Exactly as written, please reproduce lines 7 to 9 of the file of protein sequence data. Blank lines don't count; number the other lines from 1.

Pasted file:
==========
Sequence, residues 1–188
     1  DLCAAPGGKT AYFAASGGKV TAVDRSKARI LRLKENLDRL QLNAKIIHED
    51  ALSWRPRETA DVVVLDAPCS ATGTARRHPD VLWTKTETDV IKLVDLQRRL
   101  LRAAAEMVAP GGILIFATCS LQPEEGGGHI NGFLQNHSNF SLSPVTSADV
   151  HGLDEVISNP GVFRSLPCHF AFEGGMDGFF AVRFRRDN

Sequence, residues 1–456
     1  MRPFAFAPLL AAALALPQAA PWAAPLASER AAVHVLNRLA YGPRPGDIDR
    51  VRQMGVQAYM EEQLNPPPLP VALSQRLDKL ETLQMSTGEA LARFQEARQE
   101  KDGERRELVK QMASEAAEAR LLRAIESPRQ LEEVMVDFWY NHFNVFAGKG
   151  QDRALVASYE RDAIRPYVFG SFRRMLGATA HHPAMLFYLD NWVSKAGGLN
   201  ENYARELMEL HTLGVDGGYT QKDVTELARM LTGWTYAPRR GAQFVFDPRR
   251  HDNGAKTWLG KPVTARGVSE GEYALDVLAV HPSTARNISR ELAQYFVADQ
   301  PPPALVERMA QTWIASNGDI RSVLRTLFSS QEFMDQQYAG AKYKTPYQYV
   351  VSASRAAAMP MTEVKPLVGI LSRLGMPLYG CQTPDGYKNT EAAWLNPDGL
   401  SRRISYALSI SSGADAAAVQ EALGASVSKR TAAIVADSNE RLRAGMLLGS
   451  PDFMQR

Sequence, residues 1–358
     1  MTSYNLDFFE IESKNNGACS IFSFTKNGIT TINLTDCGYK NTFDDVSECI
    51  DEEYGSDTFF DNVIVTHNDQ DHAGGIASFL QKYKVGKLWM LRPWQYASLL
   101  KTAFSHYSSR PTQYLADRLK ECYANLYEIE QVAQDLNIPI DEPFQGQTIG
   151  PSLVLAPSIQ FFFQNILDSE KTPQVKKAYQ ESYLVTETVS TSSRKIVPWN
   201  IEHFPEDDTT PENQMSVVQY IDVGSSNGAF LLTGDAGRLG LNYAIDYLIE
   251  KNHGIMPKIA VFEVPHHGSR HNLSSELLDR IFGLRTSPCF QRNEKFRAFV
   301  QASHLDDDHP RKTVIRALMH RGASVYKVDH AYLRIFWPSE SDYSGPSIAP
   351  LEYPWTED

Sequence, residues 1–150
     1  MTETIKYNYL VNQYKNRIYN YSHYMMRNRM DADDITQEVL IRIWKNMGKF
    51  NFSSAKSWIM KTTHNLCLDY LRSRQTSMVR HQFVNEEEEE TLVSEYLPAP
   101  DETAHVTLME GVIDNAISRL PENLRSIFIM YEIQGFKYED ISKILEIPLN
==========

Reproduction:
     1  MRPFAFAPLL AAALALPQAA PWAAPLASER AAVHVLNRLA YGPRPGDIDR
    51  VRQMGVQAYM EEQLNPPPLP VALSQRLDKL ETLQMSTGEA LARFQEARQE
   101  KDGERRELVK QMASEAAEAR LLRAIESPRQ LEEVMVDFWY NHFNVFAGKG